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Is urbanization scrambling the genetic structure of human populations? A case study

Ashrafian-Bonab, M; Lawson Handley, L J; Balloux, F

Authors

M Ashrafian-Bonab

L J Lawson Handley L.Lawson-Handley@hull.ac.uk

F Balloux



Abstract

Recent population expansion and increased migration linked to urbanization are assumed to be eroding the genetic structure of human populations. We investigated change in population structure over three generations by analysing both demographic and mitochondrial DNA (mtDNA) data from a random sample of 2351 men from 22 Iranian populations. Potential changes in genetic diversity (theta) and genetic distance (F(ST)) over the last three generations were analysed by assigning mtDNA sequences to populations based on the individual's place of birth or that of their mother or grandmother. Despite the fact that several areas included cities of over one million inhabitants, we detected no change in genetic diversity, and only a small decrease in population structure, except in the capital city (Tehran), which was characterized by massive immigration, increased theta and a large decrease in F(ST) over time. Our results suggest that recent erosion of human population structure might not be as important as previously thought, except in some large conurbations, and this clearly has important implications for future sampling strategies.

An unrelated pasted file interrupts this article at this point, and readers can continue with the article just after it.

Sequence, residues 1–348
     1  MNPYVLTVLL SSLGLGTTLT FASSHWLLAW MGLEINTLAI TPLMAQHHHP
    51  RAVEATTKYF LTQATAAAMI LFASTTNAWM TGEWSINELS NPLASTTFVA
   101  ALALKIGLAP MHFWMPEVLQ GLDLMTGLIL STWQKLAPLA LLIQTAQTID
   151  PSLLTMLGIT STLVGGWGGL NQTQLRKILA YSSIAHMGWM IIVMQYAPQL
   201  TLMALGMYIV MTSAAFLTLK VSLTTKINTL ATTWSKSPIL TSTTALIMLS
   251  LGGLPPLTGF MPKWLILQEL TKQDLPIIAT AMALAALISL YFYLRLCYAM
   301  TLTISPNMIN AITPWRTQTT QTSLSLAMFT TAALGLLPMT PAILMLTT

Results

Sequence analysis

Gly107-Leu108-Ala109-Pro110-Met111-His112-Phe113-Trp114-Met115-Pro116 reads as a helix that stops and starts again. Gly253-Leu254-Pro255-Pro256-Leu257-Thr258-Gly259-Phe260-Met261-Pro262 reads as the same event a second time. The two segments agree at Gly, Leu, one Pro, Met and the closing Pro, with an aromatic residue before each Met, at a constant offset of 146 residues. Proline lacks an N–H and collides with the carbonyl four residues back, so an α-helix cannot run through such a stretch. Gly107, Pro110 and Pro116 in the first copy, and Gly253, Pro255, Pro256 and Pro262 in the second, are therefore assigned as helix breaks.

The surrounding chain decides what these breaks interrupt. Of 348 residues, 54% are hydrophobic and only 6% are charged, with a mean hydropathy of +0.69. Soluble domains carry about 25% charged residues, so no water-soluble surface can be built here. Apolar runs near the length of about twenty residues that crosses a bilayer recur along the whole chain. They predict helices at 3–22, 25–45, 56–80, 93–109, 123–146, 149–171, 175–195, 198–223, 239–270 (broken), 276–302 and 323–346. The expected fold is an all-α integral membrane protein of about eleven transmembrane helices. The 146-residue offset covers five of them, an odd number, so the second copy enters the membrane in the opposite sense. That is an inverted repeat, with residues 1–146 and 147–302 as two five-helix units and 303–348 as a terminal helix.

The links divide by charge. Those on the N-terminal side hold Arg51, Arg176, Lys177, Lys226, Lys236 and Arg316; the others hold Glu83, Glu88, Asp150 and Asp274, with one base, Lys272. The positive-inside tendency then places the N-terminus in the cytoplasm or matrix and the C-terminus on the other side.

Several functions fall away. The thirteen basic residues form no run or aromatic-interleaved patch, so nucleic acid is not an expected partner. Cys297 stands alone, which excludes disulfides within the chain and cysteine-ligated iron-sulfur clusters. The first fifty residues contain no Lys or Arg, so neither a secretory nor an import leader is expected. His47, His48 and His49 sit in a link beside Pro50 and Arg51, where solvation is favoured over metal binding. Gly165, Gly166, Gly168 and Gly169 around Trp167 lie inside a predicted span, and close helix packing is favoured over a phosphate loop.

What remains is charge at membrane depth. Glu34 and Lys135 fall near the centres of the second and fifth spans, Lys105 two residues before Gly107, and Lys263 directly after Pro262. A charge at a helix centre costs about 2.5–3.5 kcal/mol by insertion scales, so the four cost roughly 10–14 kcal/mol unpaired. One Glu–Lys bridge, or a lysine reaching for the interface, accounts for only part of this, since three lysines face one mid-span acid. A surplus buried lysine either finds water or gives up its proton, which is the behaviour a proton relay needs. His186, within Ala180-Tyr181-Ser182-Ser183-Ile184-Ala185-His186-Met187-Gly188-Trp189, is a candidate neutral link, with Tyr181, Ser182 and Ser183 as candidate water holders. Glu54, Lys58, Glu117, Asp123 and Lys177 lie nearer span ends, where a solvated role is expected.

Journal Article Type Article
Publication Date 2007-03
Journal Heredity
Print ISSN 0018-067X
Electronic ISSN 1365-2540
Publisher Nature Publishing Group
Peer Reviewed Peer Reviewed
Volume 98
Issue 3
Pages 151-156
APA6 Citation Ashrafian-Bonab, M., Lawson Handley, L. J., & Balloux, F. (2007). Is urbanization scrambling the genetic structure of human populations? A case study. Heredity, 98(3), (151-156). doi:10.1038/sj.hdy.6800918. ISSN 0018-067X
DOI https://doi.org/10.1038/sj.hdy.6800918
Keywords Genetics(clinical); Genetics
PMID 17106453
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